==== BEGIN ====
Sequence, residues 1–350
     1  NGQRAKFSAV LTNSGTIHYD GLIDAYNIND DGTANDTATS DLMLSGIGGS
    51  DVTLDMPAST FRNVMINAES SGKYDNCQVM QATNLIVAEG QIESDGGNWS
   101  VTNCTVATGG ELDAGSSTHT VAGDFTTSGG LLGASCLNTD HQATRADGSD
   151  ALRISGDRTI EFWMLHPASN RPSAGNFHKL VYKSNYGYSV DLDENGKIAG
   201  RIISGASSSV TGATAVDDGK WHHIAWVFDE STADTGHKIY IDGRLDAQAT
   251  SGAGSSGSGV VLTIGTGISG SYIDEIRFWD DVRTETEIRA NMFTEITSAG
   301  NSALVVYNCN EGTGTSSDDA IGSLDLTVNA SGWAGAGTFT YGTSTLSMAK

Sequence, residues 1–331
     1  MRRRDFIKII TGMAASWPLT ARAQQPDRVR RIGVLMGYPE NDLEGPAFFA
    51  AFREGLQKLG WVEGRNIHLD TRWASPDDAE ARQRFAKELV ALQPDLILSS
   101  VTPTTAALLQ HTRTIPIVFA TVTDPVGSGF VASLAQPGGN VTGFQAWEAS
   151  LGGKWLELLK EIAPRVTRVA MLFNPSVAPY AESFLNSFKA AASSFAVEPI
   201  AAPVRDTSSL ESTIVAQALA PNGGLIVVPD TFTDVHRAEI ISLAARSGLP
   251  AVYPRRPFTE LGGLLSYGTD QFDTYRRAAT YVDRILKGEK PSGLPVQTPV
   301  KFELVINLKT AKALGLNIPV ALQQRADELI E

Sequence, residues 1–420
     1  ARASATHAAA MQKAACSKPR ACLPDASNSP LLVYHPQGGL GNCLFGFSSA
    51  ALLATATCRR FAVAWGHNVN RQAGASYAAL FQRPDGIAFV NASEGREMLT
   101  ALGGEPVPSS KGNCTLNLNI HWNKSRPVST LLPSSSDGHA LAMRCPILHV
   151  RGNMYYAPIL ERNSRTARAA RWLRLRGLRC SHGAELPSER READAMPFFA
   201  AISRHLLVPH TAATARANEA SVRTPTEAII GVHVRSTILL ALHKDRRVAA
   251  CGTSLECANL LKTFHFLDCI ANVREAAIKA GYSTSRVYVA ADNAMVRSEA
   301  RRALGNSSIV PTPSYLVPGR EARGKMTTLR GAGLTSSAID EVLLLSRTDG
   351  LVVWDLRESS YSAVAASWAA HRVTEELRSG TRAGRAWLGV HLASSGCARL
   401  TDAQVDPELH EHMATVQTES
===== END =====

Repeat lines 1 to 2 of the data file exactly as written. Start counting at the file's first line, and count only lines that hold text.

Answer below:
Sequence, residues 1–350
     1  NGQRAKFSAV LTNSGTIHYD GLIDAYNIND DGTANDTATS DLMLSGIGGS